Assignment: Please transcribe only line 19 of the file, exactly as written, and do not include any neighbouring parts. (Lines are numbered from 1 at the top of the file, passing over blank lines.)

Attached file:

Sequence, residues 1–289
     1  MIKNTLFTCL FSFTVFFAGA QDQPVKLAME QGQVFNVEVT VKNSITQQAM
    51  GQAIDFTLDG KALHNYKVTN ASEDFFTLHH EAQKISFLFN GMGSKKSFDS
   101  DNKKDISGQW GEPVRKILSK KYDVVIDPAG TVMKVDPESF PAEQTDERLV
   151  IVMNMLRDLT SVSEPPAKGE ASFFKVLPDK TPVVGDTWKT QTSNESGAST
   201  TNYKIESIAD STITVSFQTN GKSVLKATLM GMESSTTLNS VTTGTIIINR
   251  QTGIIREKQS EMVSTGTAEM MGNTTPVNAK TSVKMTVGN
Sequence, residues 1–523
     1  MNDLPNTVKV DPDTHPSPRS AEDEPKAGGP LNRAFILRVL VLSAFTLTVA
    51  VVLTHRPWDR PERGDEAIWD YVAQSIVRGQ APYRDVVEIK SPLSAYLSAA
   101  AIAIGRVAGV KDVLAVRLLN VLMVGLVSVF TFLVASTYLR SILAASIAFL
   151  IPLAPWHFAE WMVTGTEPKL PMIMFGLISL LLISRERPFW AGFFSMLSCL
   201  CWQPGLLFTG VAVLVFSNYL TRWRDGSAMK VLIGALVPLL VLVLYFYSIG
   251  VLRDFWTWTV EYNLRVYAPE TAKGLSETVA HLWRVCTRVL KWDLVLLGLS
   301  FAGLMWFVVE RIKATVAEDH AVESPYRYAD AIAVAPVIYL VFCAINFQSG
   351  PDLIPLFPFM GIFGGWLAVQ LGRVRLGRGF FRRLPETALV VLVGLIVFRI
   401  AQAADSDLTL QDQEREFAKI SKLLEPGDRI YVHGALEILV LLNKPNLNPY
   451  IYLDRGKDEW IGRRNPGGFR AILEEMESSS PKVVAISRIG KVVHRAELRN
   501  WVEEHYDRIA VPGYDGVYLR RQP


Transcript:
   501  WVEEHYDRIA VPGYDGVYLR RQP